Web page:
Venezuela is a major oil supplier to the United States and the election gives voters a stark choice, with Mr. Chávez, 58, whose health has been an issue after undergoing treatment for an undisclosed form of cancer, pushing the country farther down the road toward his version of socialism.
Mr. Capriles, 40, who has served as legislator, mayor and governor, said he would follow the Brazilian model of business-friendly policies to expand the economy, coupled with social programs to help the poor. He has hammered away at government inefficiencies and mismanagement, and focused on runaway crime, high on the agenda of every Venezuelan.
Mr. Capriles's bid is an uphill one. Mr. Chávez uses the entire state apparatus, including television and radio stations and government workers, to promote his campaign, and he exerts outsize influence over the courts and the electoral council. He has hugely bolstered government spending this year on social programs to attract voters. And he retains the loyalty of legions of adoring followers.
In the last presidential election, in 2006, Mr. Chávez won with more than 62 percent of the vote. He received 7.3 million votes then and says he will get 10 million this year.
At campaign events, he urges supporters to defend his revolution and to look beyond the many unresolved problems.
"On Oct. 7, what's at stake is not whether or not the lights went out or if there was or wasn't running water, or if they haven't given me a house, or that I don't have a job yet or that I'm angry at I-don't-know-who," Mr. Chávez said at a rally last week in Maturín, a city southeast of Cumaná. "What's at stake is the life of the country, the future of the youth, of the children, of all of Venezuela."
With discontent rising, though, Mr. Capriles has made significant inroads in Mr. Chávez's strongholds, especially poor urban slums.
"He fooled all of us but we are waking up," Lisbet Márquez, 46, a Cumaná high school teacher, said of the president. She used to support him but now feels the country has stagnated.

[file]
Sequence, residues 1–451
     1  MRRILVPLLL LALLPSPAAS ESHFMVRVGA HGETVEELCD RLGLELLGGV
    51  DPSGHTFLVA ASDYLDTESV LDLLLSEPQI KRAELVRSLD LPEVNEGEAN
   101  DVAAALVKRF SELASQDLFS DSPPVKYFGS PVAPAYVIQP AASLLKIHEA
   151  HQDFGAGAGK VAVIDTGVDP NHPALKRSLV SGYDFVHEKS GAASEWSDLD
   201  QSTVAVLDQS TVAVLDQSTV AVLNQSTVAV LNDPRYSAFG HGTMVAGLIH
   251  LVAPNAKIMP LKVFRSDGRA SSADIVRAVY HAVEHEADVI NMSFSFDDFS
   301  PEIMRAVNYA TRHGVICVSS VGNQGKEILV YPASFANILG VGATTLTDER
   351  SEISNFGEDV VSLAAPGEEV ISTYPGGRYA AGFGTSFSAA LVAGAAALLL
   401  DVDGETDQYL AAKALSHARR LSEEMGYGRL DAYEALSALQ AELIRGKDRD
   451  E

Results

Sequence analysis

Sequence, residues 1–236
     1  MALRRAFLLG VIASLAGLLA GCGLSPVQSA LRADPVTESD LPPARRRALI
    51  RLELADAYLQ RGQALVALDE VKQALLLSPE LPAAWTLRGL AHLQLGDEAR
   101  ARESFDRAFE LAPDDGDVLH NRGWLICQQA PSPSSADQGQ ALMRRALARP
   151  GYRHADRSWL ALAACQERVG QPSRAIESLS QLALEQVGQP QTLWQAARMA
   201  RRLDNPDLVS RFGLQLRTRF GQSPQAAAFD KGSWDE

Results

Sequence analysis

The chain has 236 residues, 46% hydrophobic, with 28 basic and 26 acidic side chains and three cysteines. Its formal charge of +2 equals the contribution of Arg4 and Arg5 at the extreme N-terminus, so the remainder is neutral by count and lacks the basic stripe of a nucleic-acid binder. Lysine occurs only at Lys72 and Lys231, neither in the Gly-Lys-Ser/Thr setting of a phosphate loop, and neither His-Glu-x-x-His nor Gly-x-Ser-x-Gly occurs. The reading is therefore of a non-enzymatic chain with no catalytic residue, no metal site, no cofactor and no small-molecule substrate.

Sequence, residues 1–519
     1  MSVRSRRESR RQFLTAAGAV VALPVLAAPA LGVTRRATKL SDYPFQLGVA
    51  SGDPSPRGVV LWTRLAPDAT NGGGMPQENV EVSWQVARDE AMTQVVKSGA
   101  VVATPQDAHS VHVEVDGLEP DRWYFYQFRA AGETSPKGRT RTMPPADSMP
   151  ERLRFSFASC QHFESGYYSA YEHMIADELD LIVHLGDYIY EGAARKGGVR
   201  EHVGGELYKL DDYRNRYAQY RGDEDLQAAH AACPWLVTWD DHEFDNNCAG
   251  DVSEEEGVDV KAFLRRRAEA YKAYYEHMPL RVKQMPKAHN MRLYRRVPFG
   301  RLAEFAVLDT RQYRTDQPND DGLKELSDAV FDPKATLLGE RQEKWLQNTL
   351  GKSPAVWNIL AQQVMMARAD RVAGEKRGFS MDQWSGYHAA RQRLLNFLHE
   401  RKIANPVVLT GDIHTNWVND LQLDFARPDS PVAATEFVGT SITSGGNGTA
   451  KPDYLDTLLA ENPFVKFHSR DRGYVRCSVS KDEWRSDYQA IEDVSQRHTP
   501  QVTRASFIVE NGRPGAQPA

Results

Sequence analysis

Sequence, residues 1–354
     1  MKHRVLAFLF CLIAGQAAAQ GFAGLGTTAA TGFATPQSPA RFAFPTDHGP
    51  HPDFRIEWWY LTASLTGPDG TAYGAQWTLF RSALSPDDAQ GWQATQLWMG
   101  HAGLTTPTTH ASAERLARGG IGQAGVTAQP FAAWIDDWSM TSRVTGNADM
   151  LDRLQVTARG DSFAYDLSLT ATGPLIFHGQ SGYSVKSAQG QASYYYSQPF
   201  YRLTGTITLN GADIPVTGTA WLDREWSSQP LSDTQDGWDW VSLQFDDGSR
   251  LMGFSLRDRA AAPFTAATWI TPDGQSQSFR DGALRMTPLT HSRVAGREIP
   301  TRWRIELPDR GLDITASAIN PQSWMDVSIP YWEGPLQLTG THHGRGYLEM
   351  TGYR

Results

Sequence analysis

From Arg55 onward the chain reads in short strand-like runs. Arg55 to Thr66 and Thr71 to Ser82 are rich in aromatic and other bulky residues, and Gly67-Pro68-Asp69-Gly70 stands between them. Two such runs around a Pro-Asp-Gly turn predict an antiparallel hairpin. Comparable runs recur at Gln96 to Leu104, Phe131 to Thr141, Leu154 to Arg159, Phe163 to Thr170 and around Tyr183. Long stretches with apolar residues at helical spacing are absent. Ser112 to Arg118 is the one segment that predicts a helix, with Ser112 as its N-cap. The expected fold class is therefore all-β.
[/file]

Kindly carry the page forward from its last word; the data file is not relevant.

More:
Mr. Chávez got more than 70 percent of the vote in 2006 in the working-class Buena Vista neighborhood where Ms. Márquez lives, yet today many homes display Capriles posters.
"My family was 100 percent Chavista," she said, indicating that more than two dozen people in her extended family were changing their vote from Mr. Chávez to Mr. Capriles.
In Cumaná, the capital of the northeastern state of Sucre, the roads and highways are in terrible shape, the sewage systems are lacking or inadequate, power failures are routine, thousands of local jobs were lost when Mr. Chávez banned a common form of commercial fishing several years ago, and the teachers at many schools refuse to hold classes because the governor, a Chávez stalwart, has not paid their full wages.
But it has been harder for Mr. Capriles to dent the strong support for Mr. Chávez in rural areas.
There, analysts say, poverty rates are often higher and the role of government in people's lives can be even more intense than in cities; the government is often the biggest employer and residents may be even more likely to rely on welfare programs.
"Before, the people in the countryside weren't taken into account, we were forgotten," said Mercedes Rodríguez, 35, who lives with her mother and her two children in a mud-wall house in a hamlet called La Florida, southeast of Cumaná.
Ms. Rodríguez, who has a poster of Mr. Chávez on her veranda, is a member of his political party. In the morning she works for the state government in a job that combines the functions of social worker, helping local residents get government services, and political organizer, getting those same residents to marches and out to vote in support of Mr. Chávez.
"There's no one else like him," she said of Mr. Chávez, predicting that he would win again handily.
This article originally appeared in The New York Times.